Sharing FEMINIST Stories: An Interview With Jennifer Hall Lee

Feminist stories

Feminism is not the “F” word and feminists are not the bearded, Birkenstock wearing sisterhood!  Disabusing wrong-headed notions about feminism is vital in understanding its benefits to society as well as the opportunities now available to women as a result.

In a special edition of Dare We Say, I had an opportunity to interview award-winning filmmaker Jennifer Hall Lee, who reminds us that before second wave feminism (in the early 1960’s), “Want-ads were segregated. Women could only apply for secretarial or manicurist positions, for example. It was perfectly legal to hang up on a woman who applied for an technical or managerial job.”

Feminist stories
Click on image to see clips from the film “Feminist: Stories from Women’s Liberation.”

Jennifer Hall Lee’s documentary, FEMINIST Stories from Women’s Liberation, winner, Best of the Fest at the Los Angeles Women’s International Film Festival, is an adroit, entertaining look not only at the history of second wave feminism, but at the inventive women at the heart of this movement. Jennifer is a marvelous and welcoming narrator to a powerful, unexpectedly funny and engaging film that has been embraced by young people around the U.S. – and even as far away as Pakistan.

You won’t want to miss Jennifer’s account of her experiences sharing FEMINIST Stories from Women’s Liberation at the International Islamic University in Islamabad.

Perhaps the way to undo feminism’s negative media branding is to share evidence that it has been a positive for both sexes, celebrating the equality of women and men in the workplace, in relationship and under the law. But the best reasons for sharing the film’s message come from Ms. Lee herself:

“As a mother, I struggle with all of the things that hinder girls’ self-esteem; media sexualization of girls and women and a lack of female representation in media, government and history. For example, thousands of children visit the statues in National Statuary Hall in the U.S. Capitol every week. Of the 100 statues in the Hall only nine of them are of women. This is a strong message to girls that says, men are honored more than women in our history.”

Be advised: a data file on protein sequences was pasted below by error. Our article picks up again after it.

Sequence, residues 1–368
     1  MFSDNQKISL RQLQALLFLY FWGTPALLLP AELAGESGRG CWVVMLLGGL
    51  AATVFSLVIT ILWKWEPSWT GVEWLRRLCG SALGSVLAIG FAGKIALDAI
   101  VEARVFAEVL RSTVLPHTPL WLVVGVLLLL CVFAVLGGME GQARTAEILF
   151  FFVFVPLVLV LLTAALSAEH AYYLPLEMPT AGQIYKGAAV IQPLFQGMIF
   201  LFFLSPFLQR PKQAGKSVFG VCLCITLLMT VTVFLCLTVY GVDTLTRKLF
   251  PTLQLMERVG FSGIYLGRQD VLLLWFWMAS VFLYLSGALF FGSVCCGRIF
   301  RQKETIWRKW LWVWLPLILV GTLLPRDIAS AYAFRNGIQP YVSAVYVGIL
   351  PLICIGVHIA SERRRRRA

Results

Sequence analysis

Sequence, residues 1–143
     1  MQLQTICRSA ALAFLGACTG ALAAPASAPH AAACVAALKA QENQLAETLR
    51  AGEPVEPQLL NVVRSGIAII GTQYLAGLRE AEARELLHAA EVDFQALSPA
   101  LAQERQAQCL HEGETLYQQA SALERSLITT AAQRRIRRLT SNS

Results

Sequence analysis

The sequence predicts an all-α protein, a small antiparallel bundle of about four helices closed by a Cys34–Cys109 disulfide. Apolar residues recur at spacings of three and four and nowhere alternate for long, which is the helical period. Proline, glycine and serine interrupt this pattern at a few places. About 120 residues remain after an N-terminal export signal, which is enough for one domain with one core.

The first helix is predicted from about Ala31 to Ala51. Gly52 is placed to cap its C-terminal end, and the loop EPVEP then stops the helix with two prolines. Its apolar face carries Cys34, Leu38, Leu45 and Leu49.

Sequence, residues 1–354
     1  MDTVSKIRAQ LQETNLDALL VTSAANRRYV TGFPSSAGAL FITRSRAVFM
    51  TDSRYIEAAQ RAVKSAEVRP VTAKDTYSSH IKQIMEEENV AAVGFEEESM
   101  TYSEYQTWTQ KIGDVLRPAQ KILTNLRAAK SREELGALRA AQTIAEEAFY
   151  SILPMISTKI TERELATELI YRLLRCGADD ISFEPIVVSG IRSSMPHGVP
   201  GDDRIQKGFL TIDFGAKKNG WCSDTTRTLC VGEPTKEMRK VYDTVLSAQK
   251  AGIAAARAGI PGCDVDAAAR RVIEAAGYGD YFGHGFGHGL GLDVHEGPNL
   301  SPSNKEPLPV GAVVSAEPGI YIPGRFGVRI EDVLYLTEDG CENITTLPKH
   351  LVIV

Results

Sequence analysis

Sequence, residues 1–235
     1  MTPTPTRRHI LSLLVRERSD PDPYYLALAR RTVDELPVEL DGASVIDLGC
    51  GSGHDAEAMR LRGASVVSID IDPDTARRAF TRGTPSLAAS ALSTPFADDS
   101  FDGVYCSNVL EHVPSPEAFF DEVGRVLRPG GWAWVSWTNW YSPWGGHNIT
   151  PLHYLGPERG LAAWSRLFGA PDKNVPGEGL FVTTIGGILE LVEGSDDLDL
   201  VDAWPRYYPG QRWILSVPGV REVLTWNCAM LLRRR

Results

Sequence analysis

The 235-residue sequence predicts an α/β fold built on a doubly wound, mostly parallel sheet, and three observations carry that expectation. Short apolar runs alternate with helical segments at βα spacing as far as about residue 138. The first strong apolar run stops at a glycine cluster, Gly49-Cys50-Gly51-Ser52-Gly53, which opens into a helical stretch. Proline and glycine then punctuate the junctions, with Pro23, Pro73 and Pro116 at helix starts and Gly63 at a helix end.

“Another very concrete problem we have at the K-12 level is the lack of books about women leaders and women of history for young girls. Good luck trying to find a book for girls on Prime Minister Margaret Thatcher or President of Liberia, Ellen Johnson-Sirleaf. …”

“To be a leader a girl must see women who are leaders.”


Jennifer Hall Lee, has also worked as an editor and visual effects producer on films such as Forrest Gump, Ghost, Back To The Future 2, Death Becomes Her, The Rocketeer, The Hunt For Red October, and Hook.




Leave a Reply

Fill in your details below or click an icon to log in: Logo

You are commenting using your account. Log Out /  Change )

Twitter picture

You are commenting using your Twitter account. Log Out /  Change )

Facebook photo

You are commenting using your Facebook account. Log Out /  Change )

Connecting to %s